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Cameron keeping father’s legacy alive at Guilford

Published: Sep. 29, 2020 at 10:50 PM CDT
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ROCKFORD, Ill. (WIFR) - A winning atmosphere is what Guilford head coach Dan Cameron grew up in, learning from one of the best golf minds the stateline has had to offer, but now it’s up to him to pass that knowledge on.

“He’s still hard to talk about, but I wouldn’t be here without him.”

You can hear it in Cameron’s voice just how much his father, Mark, means to him.

The former Byron head coach lost a long battle with cancer two years ago and now his son is keeping his legacy alive.

“A lot of his stuff are things I use now and playing for him as a high schooler, where I really started to notice how good he was was when I was a college player and on my own the things he does at practice or did at practice,” said Cameron.

Mark Cameron led the Tigers for 15 years, posting zero losing seasons, nine regional titles, two sectionals and qualified for state nine times, winning the 1A championship in 2007.

Dan does not expect to catch him anytime soon.

“We’ve got a long ways to go because the thing that he did so well was the longevity," Cameron said. "He built up those kids below and they were able to be good for a long time.”

One way Mark liked to build them up was through the short game and that’s exactly what Dan is teaching the Vikings.

“These guys know a little bit about my dad, but that’s been the huge part of it is just chipping and putting," said Cameron. "When you don’t have your A-game, you’ve got to have that crutch to lean on.”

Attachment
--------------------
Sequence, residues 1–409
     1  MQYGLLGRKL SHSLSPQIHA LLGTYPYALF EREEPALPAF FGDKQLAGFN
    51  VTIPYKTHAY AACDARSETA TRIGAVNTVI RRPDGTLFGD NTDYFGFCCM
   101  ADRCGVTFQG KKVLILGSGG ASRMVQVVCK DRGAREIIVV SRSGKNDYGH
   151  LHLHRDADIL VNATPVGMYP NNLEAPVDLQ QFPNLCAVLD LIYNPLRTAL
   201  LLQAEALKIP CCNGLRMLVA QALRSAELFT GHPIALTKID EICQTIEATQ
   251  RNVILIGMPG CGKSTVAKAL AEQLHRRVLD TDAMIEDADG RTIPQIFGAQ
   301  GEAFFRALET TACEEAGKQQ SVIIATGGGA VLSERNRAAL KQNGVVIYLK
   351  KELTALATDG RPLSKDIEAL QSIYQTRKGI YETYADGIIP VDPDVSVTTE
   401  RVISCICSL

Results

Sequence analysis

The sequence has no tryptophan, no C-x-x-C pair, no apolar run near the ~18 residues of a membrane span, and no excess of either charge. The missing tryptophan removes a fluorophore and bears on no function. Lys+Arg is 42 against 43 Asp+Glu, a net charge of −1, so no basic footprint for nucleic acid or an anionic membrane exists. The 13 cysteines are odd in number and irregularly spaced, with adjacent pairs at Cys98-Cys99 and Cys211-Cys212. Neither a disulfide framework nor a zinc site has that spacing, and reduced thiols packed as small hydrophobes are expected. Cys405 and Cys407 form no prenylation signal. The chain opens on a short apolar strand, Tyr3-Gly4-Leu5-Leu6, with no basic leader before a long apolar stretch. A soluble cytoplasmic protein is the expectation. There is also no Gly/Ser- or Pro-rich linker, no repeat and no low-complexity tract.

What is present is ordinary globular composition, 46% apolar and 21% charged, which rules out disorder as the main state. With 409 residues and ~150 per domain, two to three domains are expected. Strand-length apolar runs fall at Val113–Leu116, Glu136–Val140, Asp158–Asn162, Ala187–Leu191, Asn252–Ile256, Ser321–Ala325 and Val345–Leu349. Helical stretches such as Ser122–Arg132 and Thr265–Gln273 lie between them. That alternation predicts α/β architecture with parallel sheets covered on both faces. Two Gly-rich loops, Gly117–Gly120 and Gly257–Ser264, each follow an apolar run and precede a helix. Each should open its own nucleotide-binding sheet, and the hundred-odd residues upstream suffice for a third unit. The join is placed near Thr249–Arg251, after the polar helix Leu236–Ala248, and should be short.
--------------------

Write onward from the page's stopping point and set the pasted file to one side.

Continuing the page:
“I wish I could have four seasons with him, but two seasons has done a lot for me,” said senior Conner Knuth.

Knuth has not had much time with Cameron, but his coach’s lessons are definitely rubbing off.

The senior finished 27th and 28th over the last two years at the NIC-10 tournament, but in 2020, he has shaved two strokes off of his average and heading into conference this weekend, he owns the third best score this season.

“Instead of thinking ‘Why is he telling me to do this?’ he knows what he’s talking about so do it," said Knuth. "Sometimes it’s bad. Sometimes it messes with my game, but usually for the most part I play a lot better when he’s around.”

If Knuth can stay in form and the rest of the Vikings can hit their chips and putts, Cameron may just take one step closer to his dad.

“I have some big shoes to fill, but I want to try and get us back on top of the NIC-10," Cameron said. "I think that’s an ultimate goal for these guys and for me.”

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